John Lonergan's Circus
In this new four-part documentary series for RTÉ, former governor of Mountjoy Prison John Lonergan is working with eight young people from disadvantaged communities around Dublin who have run away and joined the circus.
Most of these kids are early school-leavers. Some have had difficulties in either their home lives or community lives. Since January, this group of teenagers, most of whom had barely left their own neighbourhoods, have been spending two days a week with the Belfast Community Circus School and their professional instructors. The School's mission is to "transform lives and communities through the power of circus arts and street theatre".
This is an internationally tried and tested method of helping at risk young people learn valuable social, civic and interpersonal skills. The series is not designed to turn these young people into professional circus performers but aims to help potentially wayward teenagers by boosting their creativity, self esteem, teamwork and discipline.
All of the young people in the show come from Dublin. Paul is 18 and comes from O' Devaney Gardens. Eddie is 17 and is from Ballymun. Anton is 16 and is from Finglas. Jake is 15 and from the inner city. Francesca is 17 and from Inchicore. Chantelle is 15 and from Clondalkin. Amiee is 15 and from Ballyfermot.
Throughout his life as governor of Mountjoy Prison, John Lonergan met young men and women whose lives had often been dictated by circumstance of birth, perpetuating an intergenerational cycle of disadvantage, drug and alcohol abuse, poverty, crime and unemployment in troubled areas of Dublin. He believes in early intervention and in investing in young people to break this cycle. Through this unique project, John Lonergan and The Belfast Community Circus have been trying to do just that.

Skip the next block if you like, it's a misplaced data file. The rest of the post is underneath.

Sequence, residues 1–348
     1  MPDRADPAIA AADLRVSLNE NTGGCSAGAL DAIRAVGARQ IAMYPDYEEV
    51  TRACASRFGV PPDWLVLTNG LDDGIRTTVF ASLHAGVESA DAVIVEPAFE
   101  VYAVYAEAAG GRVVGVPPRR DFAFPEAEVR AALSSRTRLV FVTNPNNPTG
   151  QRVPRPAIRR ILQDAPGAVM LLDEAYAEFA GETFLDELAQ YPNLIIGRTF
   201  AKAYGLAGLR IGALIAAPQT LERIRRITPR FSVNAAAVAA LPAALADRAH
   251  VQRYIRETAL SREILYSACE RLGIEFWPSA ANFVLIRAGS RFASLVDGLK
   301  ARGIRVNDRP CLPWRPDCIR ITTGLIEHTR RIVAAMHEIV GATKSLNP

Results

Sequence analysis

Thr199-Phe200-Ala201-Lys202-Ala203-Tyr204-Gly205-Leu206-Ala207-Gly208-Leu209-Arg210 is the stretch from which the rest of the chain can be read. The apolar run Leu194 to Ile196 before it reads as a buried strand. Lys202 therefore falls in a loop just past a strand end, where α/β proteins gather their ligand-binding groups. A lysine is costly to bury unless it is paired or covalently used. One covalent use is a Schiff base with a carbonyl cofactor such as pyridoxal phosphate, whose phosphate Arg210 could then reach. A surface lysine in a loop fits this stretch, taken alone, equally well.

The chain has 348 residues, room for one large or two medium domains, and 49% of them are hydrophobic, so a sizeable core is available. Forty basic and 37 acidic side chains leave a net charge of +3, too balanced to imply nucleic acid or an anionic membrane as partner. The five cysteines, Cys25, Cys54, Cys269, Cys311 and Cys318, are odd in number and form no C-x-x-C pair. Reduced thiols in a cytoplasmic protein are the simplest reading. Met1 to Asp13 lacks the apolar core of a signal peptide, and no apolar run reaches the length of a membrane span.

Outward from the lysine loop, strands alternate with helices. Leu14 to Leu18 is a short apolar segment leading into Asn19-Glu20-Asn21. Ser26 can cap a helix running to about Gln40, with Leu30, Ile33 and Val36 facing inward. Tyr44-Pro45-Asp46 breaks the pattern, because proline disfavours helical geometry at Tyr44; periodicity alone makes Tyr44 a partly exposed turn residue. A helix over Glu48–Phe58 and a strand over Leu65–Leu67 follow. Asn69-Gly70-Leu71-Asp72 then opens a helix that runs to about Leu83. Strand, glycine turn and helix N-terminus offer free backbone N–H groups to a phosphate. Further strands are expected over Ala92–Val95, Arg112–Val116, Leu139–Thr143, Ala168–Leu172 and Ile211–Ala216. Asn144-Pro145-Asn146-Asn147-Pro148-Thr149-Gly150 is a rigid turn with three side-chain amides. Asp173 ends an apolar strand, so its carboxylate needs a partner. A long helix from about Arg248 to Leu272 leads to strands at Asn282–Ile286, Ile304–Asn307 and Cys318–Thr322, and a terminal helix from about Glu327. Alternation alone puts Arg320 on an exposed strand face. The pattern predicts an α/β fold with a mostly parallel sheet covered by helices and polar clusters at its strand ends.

"The most important thing for anyone working with young people is they must have a fundamental belief in that young person. They will certainly test your patience and endurance at times, and sometimes you could say I'm not going any further but we must never give up on them. My own personal belief is every young person has potential, every young person can make it if we, the adults, and society in general sustain that effort and support."
The circus training is intended to lead to a public performance in the Supervalu Big Day Out in Merrion Square as part of the St. Patrick's Day Festival. Permission to perform requires a very high standard which in turn requires huge commitment and focus. This series charts the highs and lows of the teenagers' time in Circus School but much more importantly offers an insight into their lives and stories.
This project is about social inclusion at its core, and these young people's life chances and opportunities. John Lonergan's Circus seeks to help this group of teenagers discover talents in themselves and develop as pro-social and confident members of our community.
John Lonergan's Circus is produced by Independent Pictures for RTÉ and is made with the support of the Broadcasting Authority of Ireland.